The great German philosopher Friedrich Nietzsche first stated the phrase “Gott ist tot” in his 1882 collection The Gay Science. The Death of God was a poignant motif that haunted Nietzsche until the day he died – inspiring him so that he became almost prophetic in heralding his gospel.  In Nietzsche’s view the Death of God didn’t mean the literal demise of a concrete deity, rather it conveyed his view that the static, unmoving God of the western world was no longer a definitive moral source for mankind – in our unrelenting progress. We must now realize that we are culpable of egotistical deicide and that we must recreate a moral compass to rectify this outrageous crime. And we may be closer to that realization than Nietzsche could have predicted.
Critics of Religion Midterm 2. Although Friedrich Nietzsche’s ideas and work have long been associated with atheism and even the antisemitism that would eventually lead to the Holocaust, I think a slightly more fitting description of his point of view in The Genealogy of Morals might be “anticlerical”. While I believe there are good arguments that can be made for both atheism and anticlericalism, Nietzsche seems to focus most of his energy on critiquing religious clergy such as priests as well as organized religion and its impact on morality, rather than critiquing belief in God. The first essay includes an etymology of the words “good” and “bad” and how they underwent a transvaluation at some point due to religious clergy, which ultimately lead to a morality system that he argues is not natural or innate within us. The second essay deals with guilt and
The superego, or the conscience as we call it, is where the battle is fought between our old carnal nature and our new godly nature. Freud thought the superego was created specifically by social influence. Christians, however, believe that our morality comes from God more than social influences. The psychoanalyst’s goal is to bring the unconscious to the conscious which sounds like revealing the “thoughts and attitudes of the heart” we read about in Scripture (Hebrews 4:12). Though Freud claimed that self-awareness and ego strength are enough to make us healthy individuals, we know that true holistic health only comes through God and His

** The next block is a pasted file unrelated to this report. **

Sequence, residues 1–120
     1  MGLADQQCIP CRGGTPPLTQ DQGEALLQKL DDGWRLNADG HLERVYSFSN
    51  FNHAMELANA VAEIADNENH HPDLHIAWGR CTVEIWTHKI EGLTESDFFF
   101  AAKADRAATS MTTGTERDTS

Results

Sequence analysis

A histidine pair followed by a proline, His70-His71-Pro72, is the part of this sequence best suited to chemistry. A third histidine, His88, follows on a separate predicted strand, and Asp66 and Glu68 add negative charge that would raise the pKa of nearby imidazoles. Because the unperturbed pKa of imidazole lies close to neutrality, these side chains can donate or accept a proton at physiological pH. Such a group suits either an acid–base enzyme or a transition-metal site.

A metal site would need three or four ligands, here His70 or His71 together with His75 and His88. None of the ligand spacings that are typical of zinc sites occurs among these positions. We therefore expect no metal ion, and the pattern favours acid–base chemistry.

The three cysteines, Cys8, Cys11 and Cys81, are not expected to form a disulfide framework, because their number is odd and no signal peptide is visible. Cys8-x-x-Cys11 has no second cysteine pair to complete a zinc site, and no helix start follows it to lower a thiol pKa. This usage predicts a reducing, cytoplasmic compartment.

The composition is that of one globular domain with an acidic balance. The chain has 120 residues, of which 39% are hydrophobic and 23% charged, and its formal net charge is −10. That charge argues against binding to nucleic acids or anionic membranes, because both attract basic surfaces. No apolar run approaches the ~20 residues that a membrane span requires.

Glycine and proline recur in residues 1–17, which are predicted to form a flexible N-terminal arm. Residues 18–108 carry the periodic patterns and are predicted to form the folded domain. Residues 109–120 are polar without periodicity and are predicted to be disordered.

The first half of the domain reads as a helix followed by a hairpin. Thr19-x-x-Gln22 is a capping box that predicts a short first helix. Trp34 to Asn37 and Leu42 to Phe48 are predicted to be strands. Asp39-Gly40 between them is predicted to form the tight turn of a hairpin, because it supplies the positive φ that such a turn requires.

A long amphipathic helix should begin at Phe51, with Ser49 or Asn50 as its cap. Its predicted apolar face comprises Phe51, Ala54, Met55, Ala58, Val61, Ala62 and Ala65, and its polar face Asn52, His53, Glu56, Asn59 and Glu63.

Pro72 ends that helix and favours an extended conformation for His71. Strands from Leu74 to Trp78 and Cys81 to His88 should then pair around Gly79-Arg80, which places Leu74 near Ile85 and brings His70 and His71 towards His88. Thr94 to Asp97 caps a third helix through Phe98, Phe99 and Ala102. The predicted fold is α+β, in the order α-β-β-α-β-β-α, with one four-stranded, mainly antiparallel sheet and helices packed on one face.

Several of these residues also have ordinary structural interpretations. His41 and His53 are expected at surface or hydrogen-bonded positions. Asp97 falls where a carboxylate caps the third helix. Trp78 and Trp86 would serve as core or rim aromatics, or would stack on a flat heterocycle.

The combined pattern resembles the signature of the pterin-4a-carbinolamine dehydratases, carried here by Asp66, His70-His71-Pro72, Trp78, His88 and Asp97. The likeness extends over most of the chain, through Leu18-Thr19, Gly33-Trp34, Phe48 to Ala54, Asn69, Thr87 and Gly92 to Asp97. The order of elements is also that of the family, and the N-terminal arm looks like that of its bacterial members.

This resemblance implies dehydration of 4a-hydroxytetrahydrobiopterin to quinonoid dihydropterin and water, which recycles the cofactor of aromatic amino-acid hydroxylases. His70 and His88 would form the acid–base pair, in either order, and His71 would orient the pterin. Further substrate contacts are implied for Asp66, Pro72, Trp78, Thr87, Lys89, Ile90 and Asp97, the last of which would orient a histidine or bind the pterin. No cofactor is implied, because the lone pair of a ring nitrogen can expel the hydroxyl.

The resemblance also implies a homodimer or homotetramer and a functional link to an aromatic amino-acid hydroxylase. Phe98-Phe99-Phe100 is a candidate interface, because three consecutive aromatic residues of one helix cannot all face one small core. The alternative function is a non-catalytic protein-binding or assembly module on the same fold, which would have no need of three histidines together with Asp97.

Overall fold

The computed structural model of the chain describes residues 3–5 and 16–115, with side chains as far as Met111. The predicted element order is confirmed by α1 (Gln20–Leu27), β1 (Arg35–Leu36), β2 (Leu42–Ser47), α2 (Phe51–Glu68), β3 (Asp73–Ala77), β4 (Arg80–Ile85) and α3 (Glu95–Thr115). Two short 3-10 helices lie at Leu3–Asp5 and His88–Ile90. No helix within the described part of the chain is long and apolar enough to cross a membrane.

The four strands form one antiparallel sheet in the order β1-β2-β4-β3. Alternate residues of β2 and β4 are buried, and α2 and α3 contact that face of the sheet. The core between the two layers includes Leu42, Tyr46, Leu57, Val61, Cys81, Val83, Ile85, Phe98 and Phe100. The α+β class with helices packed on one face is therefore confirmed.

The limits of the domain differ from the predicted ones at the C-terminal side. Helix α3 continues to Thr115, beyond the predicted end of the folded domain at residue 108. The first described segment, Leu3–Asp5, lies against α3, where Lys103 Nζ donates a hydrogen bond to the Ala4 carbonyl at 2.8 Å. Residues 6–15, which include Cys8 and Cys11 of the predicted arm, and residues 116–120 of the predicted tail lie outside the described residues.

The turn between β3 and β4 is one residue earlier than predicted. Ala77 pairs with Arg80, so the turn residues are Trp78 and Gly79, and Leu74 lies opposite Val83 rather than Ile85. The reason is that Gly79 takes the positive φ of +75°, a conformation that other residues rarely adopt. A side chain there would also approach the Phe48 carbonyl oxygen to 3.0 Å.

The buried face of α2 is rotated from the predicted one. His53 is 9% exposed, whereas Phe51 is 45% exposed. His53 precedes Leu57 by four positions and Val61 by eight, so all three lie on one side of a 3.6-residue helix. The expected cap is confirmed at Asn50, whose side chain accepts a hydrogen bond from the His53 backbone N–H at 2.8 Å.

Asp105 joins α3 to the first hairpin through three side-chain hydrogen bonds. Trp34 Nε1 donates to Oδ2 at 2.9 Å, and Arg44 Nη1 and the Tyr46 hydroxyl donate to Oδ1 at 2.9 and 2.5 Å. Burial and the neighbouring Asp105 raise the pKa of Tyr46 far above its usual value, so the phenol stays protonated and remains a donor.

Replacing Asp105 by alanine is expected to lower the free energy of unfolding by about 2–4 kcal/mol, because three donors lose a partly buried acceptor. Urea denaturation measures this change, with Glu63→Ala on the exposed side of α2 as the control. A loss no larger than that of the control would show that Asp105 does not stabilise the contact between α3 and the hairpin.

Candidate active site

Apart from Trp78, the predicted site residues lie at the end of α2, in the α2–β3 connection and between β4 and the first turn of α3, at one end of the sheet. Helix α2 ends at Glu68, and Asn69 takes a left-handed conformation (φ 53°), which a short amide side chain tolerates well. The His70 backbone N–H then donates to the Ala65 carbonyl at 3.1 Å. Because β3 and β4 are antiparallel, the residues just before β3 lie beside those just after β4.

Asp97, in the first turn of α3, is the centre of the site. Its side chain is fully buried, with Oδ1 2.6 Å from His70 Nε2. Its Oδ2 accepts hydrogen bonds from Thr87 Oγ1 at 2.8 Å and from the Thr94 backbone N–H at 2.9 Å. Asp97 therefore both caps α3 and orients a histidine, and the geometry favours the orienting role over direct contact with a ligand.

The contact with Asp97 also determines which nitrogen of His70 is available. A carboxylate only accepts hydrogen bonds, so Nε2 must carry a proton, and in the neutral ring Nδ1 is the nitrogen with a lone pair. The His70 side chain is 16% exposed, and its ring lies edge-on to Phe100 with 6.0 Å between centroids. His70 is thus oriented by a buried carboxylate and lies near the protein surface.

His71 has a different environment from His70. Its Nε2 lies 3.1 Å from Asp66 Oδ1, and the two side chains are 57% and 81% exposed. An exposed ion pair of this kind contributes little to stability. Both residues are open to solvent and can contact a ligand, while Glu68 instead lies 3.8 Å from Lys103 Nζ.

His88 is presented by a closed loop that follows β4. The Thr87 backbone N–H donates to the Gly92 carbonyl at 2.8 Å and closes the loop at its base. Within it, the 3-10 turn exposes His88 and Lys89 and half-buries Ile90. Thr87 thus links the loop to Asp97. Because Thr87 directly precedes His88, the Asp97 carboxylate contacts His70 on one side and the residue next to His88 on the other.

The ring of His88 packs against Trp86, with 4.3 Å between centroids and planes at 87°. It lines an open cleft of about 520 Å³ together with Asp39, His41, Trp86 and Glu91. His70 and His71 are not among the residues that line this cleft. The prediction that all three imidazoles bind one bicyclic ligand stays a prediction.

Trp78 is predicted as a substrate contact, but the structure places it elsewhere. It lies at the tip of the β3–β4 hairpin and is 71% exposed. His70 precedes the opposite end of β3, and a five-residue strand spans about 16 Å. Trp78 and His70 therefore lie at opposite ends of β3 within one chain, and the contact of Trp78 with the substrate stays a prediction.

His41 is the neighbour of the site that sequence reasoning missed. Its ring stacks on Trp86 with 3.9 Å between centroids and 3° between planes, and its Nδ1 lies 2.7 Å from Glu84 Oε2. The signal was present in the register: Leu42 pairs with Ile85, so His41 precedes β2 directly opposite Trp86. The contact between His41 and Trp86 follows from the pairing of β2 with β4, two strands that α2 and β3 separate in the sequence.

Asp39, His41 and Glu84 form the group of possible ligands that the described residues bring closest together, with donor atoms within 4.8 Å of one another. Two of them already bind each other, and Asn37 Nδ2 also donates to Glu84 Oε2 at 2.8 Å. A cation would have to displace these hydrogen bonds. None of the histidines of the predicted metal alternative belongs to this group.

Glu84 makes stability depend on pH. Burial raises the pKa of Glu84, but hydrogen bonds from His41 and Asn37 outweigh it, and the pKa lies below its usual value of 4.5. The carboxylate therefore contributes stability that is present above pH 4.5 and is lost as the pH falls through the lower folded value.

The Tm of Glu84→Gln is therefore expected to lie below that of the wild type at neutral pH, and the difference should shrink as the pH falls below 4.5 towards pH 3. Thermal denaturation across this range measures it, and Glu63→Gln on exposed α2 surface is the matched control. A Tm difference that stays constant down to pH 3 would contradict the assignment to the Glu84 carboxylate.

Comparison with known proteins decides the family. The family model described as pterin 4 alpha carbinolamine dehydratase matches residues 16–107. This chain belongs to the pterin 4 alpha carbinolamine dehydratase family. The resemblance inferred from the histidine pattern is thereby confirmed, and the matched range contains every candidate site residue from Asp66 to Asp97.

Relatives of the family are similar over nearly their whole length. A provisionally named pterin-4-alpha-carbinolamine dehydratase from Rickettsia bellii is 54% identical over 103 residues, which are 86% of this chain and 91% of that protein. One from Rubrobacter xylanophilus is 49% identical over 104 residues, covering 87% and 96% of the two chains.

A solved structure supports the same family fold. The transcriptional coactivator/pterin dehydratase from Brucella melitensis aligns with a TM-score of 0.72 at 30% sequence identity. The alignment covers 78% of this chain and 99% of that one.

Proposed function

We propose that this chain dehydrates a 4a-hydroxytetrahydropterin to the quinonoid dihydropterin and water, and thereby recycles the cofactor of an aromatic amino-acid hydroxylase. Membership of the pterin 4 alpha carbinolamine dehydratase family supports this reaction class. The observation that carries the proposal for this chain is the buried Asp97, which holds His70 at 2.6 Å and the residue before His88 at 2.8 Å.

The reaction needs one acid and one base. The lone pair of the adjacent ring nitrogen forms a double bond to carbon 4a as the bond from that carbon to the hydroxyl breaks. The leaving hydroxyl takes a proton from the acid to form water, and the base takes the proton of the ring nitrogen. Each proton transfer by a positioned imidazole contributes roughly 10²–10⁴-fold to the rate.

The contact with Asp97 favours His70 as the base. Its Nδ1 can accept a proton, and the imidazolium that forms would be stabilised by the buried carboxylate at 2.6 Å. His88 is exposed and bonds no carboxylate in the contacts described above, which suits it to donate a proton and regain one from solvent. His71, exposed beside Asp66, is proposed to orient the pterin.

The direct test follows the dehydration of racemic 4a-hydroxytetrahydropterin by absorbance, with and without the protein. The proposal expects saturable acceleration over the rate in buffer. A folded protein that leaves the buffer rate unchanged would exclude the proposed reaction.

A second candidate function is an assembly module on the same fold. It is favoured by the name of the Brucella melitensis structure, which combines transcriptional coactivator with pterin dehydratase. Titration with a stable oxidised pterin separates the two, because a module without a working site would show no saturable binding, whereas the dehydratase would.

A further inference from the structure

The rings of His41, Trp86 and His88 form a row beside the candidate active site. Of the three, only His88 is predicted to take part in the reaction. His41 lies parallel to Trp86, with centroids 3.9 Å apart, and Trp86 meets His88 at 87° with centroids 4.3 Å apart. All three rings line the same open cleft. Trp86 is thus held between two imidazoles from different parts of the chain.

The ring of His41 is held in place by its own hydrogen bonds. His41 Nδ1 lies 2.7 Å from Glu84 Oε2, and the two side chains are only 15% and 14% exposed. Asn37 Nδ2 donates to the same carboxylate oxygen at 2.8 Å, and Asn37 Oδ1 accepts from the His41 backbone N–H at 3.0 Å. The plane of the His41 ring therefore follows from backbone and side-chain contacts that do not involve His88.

In Experience and Nature (1925) maybe his greatest work, Dewey defended his naturalistic view of mind and knowledge, and criticized the philosophical norm for its hypothesis of false divides between mind and matter, thought and object, theoretical and practical. The philosophical norm is overwhelmed by dualisms which guide to fake troubles, problems of establishing contact between realms that should never have been set against each other in the first place. The source of these dualisms is a split in being established by the ancient Greeks, a split between the perfect, permanent, self-possessed and the defective, changing,
However, there are new religions and new gods being brought up quite frequently. A specific religion is christianity. Christianity was very unlike other religions, particularly because of their monotheistic views. Christians were seen as threat to the Romans at this time prior to around 381, which is around when Christianity became a common religion. Although Christians were good citizens, and people who wanted to follow Jesus, they were constantly impacted by aspects of the Roman culture.